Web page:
Politics & Government

GOP’s Andy Barr and Democrats back congressional review of Santa Anita horse deaths

Horse racing fatalities in Kentucky increase significantly

Statistics on Kentucky horse racing fatalities in 2018.
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Statistics on Kentucky horse racing fatalities in 2018.

Republicans and Democrats now agree — there needs to be a congressional review into a rash of horse racing deaths at a California race track.

Rep. Andy Barr, a Kentucky Republican who co-chairs the Congressional Horse Caucus, will tour the Santa Anita track over the weekend.

He agrees with Rep. Judy Chu, D-California, who represents the Santa Anita Park, that Congress needs to look into the deaths of 23 horses at the southern California track since Dec. 26. The congressional review would likely be conducted by the House Energy and Commerce Committee.

Barr, who will be in California for a fundraiser at the Peninsula Beverly Hills this weekend is adding the track trip, worried about the fatalities and the fallout for the horse racing industry, an integral part of Kentucky’s economy. The Kentucky Derby, the nation’s first major showcase for 3-year-old horses and the first leg of racing’s Triple Crown, will be run May 4.

Barr said he plans to meet over the weekend with officials of the Stronach Group, which owns the track north of Los Angeles, as well as with trainer Bob Baffert and California horse owners and breeders.

“We’re going to do some fact finding and learn a little bit more about the perspectives of what happened out there and what they’re doing to take remedial action,” Barr said. “A lot of our constituents in Kentucky race their horses out there and there are a lot of ties.”

Barr stopped short of joining Chu and Sen. Dianne Feinstein, D-California, who have called for the suspension of horse racing at the park until investigators determine the cause of the deaths. Barr spokeswoman Jodi Whitaker said he would leave that decision to the California Horse Racing Board.

The track was closed in early March for nearly a month so inspections and renovations of the dirt surface could be made. Track officials have not announced any one cause for what is considered an unusually high number of deaths. The 23rd horse died on Sunday, two days after the track had re-opened.

The deaths come as Barr and Rep. Paul Tonko, D-New York, have re-introduced legislation they say would improve safety and public confidence at race tracks.

It would create a federal authority for horse racing and uniform standards for drug use, replacing what Barr has called “inconsistent rules” across 38 states. The measure, the Horse Racing Integrity Act, would also prohibit trainers from administering drugs on race days.

“This can be a dangerous sport and we want the athletes to be safe,” said Tonko, who plans to speak with House Speaker Nancy Pelosi of California about the bill.

The legislation drew 131 co-sponsors in the last Congress and Barr said he expects more support this time. He said he’d talked with Chu, who backed the legislation in the past and that she told him she plans to champion the bill.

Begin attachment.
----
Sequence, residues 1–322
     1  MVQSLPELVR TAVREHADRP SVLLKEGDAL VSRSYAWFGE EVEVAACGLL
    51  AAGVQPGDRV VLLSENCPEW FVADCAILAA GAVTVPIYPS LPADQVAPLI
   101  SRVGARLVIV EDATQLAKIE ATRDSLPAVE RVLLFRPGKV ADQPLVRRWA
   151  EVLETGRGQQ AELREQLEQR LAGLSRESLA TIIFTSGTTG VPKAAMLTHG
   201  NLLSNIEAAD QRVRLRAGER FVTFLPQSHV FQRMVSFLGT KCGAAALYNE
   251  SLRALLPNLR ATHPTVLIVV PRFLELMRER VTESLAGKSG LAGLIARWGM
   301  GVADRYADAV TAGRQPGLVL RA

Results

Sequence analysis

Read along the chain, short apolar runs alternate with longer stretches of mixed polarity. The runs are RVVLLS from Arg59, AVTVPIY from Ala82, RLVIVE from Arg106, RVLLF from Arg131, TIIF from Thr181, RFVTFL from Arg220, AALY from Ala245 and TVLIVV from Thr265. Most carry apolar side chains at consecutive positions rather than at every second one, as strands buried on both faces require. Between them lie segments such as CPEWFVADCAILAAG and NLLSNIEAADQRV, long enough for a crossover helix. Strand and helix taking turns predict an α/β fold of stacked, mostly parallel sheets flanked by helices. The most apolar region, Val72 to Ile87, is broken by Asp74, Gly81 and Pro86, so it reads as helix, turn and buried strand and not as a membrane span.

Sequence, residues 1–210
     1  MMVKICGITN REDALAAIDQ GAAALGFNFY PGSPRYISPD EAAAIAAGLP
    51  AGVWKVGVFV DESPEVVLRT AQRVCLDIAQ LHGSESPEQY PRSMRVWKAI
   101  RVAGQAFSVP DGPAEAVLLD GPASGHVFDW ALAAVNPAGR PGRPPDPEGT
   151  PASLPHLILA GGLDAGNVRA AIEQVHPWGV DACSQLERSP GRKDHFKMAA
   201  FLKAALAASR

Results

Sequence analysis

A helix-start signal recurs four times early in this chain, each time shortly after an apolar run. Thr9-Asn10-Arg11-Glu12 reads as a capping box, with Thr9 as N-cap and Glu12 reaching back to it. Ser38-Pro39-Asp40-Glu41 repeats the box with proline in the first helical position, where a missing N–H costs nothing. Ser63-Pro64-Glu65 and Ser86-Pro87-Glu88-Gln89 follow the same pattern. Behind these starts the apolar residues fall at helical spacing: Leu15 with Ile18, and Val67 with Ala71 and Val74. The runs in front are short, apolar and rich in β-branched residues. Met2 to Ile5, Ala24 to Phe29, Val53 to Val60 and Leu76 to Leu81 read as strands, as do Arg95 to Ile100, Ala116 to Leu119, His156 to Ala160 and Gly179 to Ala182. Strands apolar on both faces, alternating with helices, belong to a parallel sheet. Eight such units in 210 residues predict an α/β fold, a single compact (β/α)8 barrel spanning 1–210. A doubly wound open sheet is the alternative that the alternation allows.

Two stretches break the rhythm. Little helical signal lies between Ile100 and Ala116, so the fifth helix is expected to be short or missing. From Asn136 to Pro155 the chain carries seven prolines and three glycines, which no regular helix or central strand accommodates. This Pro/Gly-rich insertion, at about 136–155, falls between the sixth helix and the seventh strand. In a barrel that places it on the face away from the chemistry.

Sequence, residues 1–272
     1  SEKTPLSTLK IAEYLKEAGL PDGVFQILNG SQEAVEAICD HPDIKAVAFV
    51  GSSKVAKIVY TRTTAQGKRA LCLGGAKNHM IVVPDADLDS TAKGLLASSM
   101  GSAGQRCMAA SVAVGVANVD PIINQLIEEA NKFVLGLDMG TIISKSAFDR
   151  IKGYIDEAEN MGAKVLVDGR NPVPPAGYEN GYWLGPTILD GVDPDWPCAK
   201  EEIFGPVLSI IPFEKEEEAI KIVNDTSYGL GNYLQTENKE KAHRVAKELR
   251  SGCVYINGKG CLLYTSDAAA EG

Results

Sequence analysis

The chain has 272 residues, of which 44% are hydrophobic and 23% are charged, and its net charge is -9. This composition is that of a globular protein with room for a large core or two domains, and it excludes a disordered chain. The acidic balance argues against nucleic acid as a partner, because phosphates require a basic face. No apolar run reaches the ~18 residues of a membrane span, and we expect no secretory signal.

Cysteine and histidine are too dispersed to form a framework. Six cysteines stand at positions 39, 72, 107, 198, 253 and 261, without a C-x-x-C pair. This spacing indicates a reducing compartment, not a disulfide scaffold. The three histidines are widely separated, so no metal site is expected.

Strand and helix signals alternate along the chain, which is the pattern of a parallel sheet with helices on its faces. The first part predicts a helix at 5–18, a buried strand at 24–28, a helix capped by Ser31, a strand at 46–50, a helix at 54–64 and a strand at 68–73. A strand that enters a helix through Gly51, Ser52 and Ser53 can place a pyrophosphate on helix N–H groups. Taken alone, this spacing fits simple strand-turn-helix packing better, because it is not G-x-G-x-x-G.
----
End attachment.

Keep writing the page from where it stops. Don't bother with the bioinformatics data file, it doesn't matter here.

“We have as much momentum now as we ever have,” Barr said of the bill.

He argued that although the cause of the deaths is not yet known, the legislation would “improve the safety and the integrity of the sport.

“Anything we can do to make the sport safer and eliminate doping, we need to do that, because doping is unsafe for the equine athlete and the human athlete,” Barr said. “The industry obviously has a challenge right now and we want the perception of the sport and the reality of the sport to be safe and we want to eliminate any factors that could contribute to more deaths.”

Barr said he’s worried the sport won’t be able to attract a new generation of horse enthusiasts if there is a belief that it’s an “unsafe or inhumane endeavor.”

Fans at Keeneland in Lexington reacted to American Pharoah's historic win in the Breeders' Cup Classic in 2015.

The bill faces staunch opposition from two major horsemen’s groups and the Association of Racing Commissioners International. The association’s president, Ed Martin, said the legislation would “do nothing to protect horses.”

He argued it would instead repeal a “long standing equine welfare program” that he said would permits race day medication “proven to be helpful to the health of the horse.”

None of Barr’s fellow members of the Kentucky delegation backed the legislation and it’s not clear they will support the new version.

Rep. James Comer, R-Kentucky, said he’d take a second look at the legislation, but was troubled that it has had the backing of the Humane Society of the United States, which he says has sought to impose restrictions on animal agriculture, including advocating for cageless chickens.

“My first thought is ‘I don’t want to see the Humane Society start getting wins in animal agriculture,” said Comer, a former Kentucky Agriculture Commissioner.

Advocates of the legislation have suggested that many members of the delegation are waiting for word from Churchill Downs, which has not backed the bill. The Stronach Group, which owns Santa Anita, Gulfstream Park, north of Miami, and other tracks, has supported the legislation. Churchill Downs stopped short of ruling it out.

“We remain supportive of any improvements for horse racing that have been thoroughly studied and have broad support through collaboration with other industry leaders,” said the race track’s president Kevin Flanery.

Lesley Clark works out of the McClatchy Washington bureau, covering all things Kentucky for McClatchy’s Lexington Herald-Leader. A former reporter for McClatchy’s Miami Herald, she also spent several years covering the White House.


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